Closing an NRF 2020 keynote discussion with Walmart U.S. CEO John Furner, Zeynep Ton, Professor at the MIT Sloan School of Management, made a poignant point about the state of retail employment. The session had initially been titled “Why Retail Jobs Are Good Jobs,” but Ton requested a change to “Why Retail Jobs Can Be Good Jobs,” to reflect the reality of how far the industry still needs to go. While many retailers have made strides to improve the quality of their jobs, there are still too many companies that have neglected to do so or have a long way to go. As CEO of Walmart U.S., the largest employer in the country, Furner is on a mission to transform the jobs available at the retail giant to truly good ones.
“The truth is, retail is the country’s largest employer, but too few companies are making the choice to offer good jobs in retail,” Ton, author of The Good Jobs Strategy, said during the keynote. “Many of these jobs tend to be low paid, with unstable schedules and very few opportunities for success and growth. We learned today that a change is possible with a world-class retailer, and that offering good jobs is not only the right thing to do, but also is the smart thing to do from a competitive advantage and a financial point of view.”
Walmart has increased its minimum wage to $11 per hour in recent years, and Furner plans to implement policies he helped spearhead during his time at Sam’s Club as a way to improve the working environment. Furner, who served as President and CEO of Sam’s Club until November 2019, noted that initiatives such as predictable block schedules and the introduction of the “Ask Sam” mobile voice assistant all contributed to improving the associate experience, giving workers a sense of stability and new knowledge of the ins and outs of the stores they work in.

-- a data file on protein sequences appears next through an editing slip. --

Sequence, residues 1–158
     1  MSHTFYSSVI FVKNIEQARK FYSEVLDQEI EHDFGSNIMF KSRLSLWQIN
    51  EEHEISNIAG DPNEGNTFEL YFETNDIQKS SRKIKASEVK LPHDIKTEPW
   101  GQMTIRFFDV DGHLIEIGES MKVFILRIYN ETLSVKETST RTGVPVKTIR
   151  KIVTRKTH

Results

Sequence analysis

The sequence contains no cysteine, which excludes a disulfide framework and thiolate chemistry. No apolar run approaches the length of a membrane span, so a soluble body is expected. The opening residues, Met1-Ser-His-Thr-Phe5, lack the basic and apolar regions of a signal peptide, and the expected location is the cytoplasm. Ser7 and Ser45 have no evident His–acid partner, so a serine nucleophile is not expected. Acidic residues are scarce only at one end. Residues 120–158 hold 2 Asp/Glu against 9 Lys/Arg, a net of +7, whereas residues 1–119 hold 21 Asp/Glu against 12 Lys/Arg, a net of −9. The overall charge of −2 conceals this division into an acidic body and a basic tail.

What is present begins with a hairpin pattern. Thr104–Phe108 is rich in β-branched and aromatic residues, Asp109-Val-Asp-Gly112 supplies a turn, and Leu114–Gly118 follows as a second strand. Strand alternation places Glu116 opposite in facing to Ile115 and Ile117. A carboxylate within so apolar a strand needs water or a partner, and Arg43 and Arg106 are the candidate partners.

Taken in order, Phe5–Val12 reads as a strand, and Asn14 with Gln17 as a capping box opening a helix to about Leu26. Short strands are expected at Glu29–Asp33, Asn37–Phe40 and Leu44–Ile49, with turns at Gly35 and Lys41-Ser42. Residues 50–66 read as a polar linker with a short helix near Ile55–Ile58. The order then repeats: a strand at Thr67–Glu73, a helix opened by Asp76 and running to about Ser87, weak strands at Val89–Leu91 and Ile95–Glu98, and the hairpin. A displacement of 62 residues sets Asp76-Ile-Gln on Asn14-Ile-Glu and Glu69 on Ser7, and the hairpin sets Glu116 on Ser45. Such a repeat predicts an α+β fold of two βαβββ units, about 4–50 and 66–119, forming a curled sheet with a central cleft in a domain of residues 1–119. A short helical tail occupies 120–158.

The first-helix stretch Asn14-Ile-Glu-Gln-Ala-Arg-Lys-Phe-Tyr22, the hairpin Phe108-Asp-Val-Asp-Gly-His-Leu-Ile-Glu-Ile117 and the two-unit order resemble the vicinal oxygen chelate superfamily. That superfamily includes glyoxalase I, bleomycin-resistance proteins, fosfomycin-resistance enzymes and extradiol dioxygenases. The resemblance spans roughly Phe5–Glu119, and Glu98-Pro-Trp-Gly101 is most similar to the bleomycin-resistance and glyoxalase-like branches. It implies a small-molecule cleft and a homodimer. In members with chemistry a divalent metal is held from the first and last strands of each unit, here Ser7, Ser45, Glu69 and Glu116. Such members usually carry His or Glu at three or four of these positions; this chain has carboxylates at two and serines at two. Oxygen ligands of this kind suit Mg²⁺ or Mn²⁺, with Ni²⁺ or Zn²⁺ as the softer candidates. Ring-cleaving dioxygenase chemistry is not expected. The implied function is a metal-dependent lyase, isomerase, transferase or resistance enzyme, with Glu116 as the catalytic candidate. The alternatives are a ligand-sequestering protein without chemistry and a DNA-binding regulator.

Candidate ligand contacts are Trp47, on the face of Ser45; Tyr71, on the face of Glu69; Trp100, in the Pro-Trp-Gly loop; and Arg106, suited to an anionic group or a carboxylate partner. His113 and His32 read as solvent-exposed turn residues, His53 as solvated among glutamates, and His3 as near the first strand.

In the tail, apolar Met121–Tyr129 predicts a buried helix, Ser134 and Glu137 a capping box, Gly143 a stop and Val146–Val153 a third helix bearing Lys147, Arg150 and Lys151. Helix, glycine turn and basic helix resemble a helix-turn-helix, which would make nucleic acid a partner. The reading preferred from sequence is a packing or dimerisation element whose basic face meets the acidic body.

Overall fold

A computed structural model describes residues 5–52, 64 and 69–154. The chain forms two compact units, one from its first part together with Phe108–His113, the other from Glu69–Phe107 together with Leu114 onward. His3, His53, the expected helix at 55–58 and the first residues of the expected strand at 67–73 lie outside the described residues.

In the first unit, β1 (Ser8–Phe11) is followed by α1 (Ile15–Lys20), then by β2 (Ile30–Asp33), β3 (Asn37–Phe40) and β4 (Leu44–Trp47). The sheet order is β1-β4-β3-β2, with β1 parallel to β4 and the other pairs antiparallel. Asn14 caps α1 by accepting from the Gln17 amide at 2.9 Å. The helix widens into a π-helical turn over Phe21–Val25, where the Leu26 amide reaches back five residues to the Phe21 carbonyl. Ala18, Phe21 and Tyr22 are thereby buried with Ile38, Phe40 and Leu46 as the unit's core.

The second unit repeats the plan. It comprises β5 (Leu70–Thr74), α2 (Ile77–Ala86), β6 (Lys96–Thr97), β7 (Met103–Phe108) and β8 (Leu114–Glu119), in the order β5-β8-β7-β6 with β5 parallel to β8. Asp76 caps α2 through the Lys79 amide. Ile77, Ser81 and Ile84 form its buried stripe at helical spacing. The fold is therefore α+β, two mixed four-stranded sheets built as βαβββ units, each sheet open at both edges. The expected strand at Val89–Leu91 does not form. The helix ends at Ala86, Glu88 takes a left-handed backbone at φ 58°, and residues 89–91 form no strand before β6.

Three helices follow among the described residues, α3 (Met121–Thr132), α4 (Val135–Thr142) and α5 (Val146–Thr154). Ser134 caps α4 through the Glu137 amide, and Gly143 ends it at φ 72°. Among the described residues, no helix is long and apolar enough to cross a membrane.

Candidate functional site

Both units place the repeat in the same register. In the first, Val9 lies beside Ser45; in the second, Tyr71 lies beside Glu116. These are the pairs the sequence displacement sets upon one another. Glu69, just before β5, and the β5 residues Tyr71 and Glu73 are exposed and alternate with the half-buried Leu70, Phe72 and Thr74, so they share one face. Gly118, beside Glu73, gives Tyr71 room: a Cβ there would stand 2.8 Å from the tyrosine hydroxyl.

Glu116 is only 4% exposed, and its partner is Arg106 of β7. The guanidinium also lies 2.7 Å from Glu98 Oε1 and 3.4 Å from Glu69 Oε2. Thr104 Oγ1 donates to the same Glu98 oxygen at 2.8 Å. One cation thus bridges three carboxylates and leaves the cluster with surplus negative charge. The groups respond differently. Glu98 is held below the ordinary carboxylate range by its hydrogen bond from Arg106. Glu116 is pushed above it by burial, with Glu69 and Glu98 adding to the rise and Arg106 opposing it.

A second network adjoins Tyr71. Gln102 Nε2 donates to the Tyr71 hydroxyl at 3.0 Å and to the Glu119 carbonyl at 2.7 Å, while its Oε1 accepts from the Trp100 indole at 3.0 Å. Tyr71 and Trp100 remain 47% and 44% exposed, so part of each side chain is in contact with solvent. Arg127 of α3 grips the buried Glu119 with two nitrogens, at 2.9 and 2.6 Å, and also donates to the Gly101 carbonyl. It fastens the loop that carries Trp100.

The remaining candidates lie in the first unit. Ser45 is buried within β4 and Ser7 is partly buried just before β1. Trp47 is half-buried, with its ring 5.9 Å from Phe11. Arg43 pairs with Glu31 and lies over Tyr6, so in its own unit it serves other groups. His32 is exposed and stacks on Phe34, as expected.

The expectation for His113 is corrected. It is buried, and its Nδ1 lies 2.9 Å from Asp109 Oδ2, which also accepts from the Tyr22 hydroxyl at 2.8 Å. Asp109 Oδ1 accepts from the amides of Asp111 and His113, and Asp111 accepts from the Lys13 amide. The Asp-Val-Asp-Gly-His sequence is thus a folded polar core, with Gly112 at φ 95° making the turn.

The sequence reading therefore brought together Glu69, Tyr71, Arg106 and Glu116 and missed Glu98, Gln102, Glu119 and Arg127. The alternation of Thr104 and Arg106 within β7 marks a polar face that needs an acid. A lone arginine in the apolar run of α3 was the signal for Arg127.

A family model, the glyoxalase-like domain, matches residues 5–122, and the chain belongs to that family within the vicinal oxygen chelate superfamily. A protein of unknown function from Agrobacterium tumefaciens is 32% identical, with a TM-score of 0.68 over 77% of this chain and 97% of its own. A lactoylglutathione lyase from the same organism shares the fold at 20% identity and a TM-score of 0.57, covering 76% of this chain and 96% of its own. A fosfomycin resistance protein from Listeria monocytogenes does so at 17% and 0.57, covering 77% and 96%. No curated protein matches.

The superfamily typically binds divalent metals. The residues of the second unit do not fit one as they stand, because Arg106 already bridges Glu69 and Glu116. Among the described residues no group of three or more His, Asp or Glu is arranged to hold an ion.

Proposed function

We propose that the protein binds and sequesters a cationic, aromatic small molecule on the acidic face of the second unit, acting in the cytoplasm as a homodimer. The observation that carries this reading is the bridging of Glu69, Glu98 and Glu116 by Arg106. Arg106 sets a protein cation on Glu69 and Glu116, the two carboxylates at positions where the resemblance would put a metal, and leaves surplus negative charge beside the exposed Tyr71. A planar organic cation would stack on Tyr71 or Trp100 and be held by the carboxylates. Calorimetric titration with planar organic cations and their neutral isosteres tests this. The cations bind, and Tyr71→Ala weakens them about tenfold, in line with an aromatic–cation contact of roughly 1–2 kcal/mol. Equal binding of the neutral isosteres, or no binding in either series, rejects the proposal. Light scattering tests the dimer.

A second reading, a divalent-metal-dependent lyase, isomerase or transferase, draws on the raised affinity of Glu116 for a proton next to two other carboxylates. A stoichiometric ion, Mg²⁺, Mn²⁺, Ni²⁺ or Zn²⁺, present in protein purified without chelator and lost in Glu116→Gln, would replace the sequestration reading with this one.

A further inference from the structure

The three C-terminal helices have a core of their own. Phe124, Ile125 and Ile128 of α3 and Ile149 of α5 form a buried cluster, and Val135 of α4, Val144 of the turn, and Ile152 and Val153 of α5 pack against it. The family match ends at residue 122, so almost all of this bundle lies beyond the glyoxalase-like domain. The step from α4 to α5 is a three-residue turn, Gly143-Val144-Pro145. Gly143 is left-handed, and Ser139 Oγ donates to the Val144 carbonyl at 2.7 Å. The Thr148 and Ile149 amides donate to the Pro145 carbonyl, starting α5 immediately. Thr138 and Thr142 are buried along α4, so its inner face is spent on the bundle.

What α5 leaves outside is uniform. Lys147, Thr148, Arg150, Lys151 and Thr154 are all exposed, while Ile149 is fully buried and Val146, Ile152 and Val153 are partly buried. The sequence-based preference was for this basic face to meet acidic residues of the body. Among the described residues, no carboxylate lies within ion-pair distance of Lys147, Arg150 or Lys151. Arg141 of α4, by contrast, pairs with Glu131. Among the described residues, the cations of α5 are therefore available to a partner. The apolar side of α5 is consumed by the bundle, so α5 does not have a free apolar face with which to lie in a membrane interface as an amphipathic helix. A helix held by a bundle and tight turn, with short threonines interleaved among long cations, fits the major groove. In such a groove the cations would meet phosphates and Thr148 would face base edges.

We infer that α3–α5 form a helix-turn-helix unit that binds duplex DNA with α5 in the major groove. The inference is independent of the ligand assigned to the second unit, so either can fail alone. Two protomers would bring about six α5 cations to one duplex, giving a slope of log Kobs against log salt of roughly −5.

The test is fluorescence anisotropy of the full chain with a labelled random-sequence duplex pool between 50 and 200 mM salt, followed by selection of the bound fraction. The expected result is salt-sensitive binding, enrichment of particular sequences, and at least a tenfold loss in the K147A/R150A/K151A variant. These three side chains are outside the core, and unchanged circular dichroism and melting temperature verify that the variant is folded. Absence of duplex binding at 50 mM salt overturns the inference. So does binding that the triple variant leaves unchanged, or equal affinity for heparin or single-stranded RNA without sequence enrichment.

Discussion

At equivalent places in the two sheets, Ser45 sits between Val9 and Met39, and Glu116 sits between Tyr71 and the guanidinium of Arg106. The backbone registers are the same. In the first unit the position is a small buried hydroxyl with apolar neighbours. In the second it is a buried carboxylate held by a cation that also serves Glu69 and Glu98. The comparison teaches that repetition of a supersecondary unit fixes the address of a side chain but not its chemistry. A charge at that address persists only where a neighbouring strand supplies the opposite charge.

“In the Club business, there’s a saying I’ve always had in my head,” Furner said. “If you can find me a great group of leaders in a Sam’s Club, I’ll show you a great Sam’s Club. In the summer of 2017, I visited our Club in Lubbock, Texas, and met the club manager, Jerry, who had worked at the company for 18 years. I asked him a couple questions about his business and he immediately stepped to the back. He had 15 team leaders in front of him and said, ‘They’re going to answer all your questions.’ As I started learning from them, they were not only answering my questions, they told me everything you’d ever want to know about the business, and what it takes to run a business in Lubbock, Texas. At the end of that, it was so clear that if we could replicate that in 100 buildings, we would have the basis of a winning strategy.”
Advancement Plays Key Role In Growth Of ‘Good Jobs’
With that in mind, Sam’s Club had created an environment where advancement opportunities existed, and they were for jobs that “people aspire to move into” such as a Club manager or assistant manager.
“It’s not all about pay,” Furner said. “It’s part of it, but there’s a whole system. It’s removing friction, helping people be predictable in terms of their life and how our lives work together, having clear information and doing work that they know is going to make a difference when it comes to serving customers and retaining members.”
Furner has experienced this kind of advancement firsthand, enabling him to see the positive potential that can come with associate investments. While Furner was appointed President and CEO of Walmart U.S. to replace outgoing leader Greg Foran, who is officially leaving the company on Jan. 31, his path at Walmart started all the way back in 1993, when he worked as a part-time store associate in the retailer’s garden center at 19 years old. Working in such a position helped influence Furner’s opinions on how to empower, educate and train associates.
In the years since, Furner worked his way up through roles including store manager, district manager and buyer. He has held leadership positions across the company in operations, merchandising and sourcing, including a stint as Chief Merchandising and Marketing Officer for Walmart China.
Furner stressed that Walmart’s continued strides to create better retail jobs reflects the overall change in corporate responsibility that many large U.S. businesses are currently undergoing.
“The role of the corporation has changed,” Furner said. “It’s no longer only to build shareholder value. The role of the corporation is to build social and shared value for employees, customers, and shareholders.”